Updated 01:57 PM EDT, Wed, Sep 22, 2021

Apple Augmented Reality Platform: Patents, Rumors, Apps & All We Know So Far

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An analyst has recently claimed that Apple has a small team working on what could be the company's next big vision: Augmented Reality.

MacRumors took note of Gene Munster's claim, a Piper Jaffray analyst, who said, "While it is limited, we believe Apple has a small team of engineers exploring augmented reality applications."

"We believe that at the core, the group is likely trying to understand a wearable interface that design would ultimately make fashionable/socially acceptable," the analyst went on.

For quite some time, AR and VR platforms have dominated headlines: there's the Oculus Rift, Sony's Project Morpheus, Microsoft's HoloLens, HTC and Valve's Vive and the Google-funded Magic Leap. It may be safe to expect more springing in the near future.

While Apple is said to be testing waters, Munster had to clarify, "At this point, we believe it is difficult to determine if or when these experiments might yield a product."

Nevertheless, this may not be the Cupertino giant's first associations with augmented reality. As told by MacRumors, the company has allowed developers to launch augmented reality apps on the App Store about six years ago.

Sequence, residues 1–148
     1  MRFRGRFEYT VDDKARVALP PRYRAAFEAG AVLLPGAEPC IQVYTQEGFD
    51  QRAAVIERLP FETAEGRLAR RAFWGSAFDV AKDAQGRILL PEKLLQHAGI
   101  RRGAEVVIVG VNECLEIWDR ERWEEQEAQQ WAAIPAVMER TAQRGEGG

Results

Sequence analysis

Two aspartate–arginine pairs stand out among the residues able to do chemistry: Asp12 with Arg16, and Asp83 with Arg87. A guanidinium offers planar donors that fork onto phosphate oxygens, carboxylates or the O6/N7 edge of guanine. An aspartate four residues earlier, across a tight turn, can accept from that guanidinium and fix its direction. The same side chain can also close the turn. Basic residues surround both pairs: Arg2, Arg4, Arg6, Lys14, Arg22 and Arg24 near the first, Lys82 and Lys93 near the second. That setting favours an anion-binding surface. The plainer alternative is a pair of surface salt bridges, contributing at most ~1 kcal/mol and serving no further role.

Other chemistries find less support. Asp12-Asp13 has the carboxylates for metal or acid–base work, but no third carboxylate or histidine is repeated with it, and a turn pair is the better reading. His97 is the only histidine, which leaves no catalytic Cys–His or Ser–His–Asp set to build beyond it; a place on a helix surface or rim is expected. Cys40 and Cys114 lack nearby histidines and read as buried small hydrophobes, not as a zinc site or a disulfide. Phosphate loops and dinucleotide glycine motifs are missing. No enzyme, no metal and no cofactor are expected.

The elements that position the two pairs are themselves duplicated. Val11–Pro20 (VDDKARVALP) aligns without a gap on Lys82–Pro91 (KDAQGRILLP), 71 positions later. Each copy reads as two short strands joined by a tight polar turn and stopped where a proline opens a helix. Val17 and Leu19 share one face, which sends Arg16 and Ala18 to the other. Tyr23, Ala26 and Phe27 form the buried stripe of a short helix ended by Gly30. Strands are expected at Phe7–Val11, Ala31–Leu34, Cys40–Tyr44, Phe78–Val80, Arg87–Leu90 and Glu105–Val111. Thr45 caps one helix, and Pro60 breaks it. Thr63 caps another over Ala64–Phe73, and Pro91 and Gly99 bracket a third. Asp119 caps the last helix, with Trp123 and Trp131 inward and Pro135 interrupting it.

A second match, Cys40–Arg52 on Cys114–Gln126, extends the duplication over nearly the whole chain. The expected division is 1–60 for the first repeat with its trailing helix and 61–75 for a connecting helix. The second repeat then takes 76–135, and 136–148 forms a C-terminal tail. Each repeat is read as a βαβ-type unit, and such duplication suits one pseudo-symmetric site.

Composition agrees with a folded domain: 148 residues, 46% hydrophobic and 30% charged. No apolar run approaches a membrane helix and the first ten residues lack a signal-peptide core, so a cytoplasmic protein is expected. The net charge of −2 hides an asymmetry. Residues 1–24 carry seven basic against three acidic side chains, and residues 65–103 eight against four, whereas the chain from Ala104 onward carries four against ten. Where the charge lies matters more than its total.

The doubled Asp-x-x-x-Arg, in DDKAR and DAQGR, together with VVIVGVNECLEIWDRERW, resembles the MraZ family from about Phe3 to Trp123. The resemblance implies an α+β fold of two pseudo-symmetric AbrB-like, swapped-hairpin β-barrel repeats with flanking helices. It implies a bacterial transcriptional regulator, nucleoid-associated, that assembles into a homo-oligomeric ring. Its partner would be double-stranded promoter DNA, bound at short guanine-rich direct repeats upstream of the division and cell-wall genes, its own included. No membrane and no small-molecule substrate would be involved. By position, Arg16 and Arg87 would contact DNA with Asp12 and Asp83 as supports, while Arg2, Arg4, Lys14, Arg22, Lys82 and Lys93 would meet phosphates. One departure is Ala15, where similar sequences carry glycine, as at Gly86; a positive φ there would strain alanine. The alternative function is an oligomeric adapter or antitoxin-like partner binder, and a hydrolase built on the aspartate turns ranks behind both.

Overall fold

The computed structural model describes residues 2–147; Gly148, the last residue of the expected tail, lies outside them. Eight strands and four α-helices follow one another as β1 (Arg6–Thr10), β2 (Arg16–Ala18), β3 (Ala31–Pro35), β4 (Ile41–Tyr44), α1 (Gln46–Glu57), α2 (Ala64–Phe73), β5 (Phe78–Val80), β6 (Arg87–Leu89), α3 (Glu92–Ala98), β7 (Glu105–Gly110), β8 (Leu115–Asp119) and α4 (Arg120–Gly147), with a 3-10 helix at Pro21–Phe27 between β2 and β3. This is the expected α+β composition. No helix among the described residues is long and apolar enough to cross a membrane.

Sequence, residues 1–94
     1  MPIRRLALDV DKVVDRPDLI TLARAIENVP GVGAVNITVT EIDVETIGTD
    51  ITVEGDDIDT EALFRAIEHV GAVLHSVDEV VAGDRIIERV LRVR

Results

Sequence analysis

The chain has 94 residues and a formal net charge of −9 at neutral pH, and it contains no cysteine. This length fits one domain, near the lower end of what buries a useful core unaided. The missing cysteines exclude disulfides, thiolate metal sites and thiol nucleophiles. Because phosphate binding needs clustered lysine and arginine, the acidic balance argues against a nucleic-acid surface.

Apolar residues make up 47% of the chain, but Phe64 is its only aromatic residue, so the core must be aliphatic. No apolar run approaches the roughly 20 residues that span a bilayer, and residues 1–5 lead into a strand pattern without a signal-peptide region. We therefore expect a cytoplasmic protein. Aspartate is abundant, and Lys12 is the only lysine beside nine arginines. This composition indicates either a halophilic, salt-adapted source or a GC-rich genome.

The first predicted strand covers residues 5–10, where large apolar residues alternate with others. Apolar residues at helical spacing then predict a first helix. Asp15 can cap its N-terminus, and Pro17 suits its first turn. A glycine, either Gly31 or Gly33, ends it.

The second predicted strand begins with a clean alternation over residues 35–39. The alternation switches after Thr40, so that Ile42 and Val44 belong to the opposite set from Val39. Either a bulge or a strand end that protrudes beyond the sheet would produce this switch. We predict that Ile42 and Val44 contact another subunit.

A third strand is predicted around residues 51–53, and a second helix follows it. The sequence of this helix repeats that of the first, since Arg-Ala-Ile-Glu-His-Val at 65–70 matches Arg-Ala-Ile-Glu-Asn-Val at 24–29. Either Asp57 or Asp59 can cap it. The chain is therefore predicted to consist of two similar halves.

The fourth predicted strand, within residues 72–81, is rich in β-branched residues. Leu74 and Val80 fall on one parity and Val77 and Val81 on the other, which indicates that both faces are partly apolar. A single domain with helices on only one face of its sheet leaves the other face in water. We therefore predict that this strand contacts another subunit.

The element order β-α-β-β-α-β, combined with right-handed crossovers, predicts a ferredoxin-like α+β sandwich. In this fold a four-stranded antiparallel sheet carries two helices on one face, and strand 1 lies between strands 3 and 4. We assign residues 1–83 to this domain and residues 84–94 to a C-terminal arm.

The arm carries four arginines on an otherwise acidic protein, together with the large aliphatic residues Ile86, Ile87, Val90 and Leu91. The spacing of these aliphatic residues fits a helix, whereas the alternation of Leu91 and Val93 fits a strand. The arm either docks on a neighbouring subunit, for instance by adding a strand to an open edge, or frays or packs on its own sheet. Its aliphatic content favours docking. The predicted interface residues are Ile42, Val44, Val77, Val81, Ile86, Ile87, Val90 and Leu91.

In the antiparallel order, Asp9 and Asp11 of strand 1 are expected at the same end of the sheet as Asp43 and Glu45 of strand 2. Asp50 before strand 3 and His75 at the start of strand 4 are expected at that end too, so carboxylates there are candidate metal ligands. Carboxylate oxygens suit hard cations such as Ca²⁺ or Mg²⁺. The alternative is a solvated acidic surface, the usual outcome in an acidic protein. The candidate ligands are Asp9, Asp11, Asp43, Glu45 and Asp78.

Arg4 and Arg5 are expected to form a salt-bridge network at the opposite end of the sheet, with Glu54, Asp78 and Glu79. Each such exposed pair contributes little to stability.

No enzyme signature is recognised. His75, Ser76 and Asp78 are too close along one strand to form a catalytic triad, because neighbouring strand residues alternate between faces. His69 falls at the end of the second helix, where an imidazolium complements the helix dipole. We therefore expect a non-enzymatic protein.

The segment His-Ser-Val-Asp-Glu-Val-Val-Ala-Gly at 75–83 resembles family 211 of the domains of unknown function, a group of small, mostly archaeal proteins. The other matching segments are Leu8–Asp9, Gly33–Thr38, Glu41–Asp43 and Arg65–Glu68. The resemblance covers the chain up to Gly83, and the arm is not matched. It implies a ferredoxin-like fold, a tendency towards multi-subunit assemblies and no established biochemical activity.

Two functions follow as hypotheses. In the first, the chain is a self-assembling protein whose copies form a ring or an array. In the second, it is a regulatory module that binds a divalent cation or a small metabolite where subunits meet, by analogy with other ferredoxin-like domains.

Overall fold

The outlet also cited a March 2014 report, which talked about Apple's plans of integrating AR features to Maps.

International Business Times cited Apple patents that date back as far as 2006. Interestingly, these papers are said to be experiments not only with augmented reality, but virtual technology as well.

For those who may not know, Virtual Reality (VR) is the creation of a virtual world where interactions are made possible; nothing is physically real here. Augmented Reality (AR), on the other hand, is described as the merging of real and virtual worlds. Simply put, users become aware of their physical environment when interacting with the latter.

In November 2014, Apple is believed to have posted a job listing for app engineers knowledgeable and experienced with 3D graphics, Bidness Etc noted. These graphics are reportedly linked to the development of virtual and augmented reality products.

Perhaps these kinds of innovation are better appreciated by techies more than regular customers. Google Glass, for instance, has been made available for consumers, but the Tech Times said the product has been more of an experimentation than mass production.

Of course, note that the wearable had to sell with a $1,500 price tag, on top of restrictions it had to deal with.

What do you think about Apple setting foot on augmented reality? Will it stand a chance on consumer success? We'd love to hear your thoughts below.

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